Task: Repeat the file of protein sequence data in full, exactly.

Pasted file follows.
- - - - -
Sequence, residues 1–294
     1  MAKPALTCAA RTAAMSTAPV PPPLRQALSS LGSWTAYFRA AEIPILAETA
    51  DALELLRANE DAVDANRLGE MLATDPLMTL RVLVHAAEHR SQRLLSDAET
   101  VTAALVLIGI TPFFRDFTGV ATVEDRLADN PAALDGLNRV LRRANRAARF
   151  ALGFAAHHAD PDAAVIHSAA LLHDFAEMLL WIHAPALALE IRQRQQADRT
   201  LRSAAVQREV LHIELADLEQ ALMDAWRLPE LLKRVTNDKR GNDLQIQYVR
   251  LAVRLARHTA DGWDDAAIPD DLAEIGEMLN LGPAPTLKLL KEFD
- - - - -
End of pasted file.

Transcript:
Sequence, residues 1–294
     1  MAKPALTCAA RTAAMSTAPV PPPLRQALSS LGSWTAYFRA AEIPILAETA
    51  DALELLRANE DAVDANRLGE MLATDPLMTL RVLVHAAEHR SQRLLSDAET
   101  VTAALVLIGI TPFFRDFTGV ATVEDRLADN PAALDGLNRV LRRANRAARF
   151  ALGFAAHHAD PDAAVIHSAA LLHDFAEMLL WIHAPALALE IRQRQQADRT
   201  LRSAAVQREV LHIELADLEQ ALMDAWRLPE LLKRVTNDKR GNDLQIQYVR
   251  LAVRLARHTA DGWDDAAIPD DLAEIGEMLN LGPAPTLKLL KEFD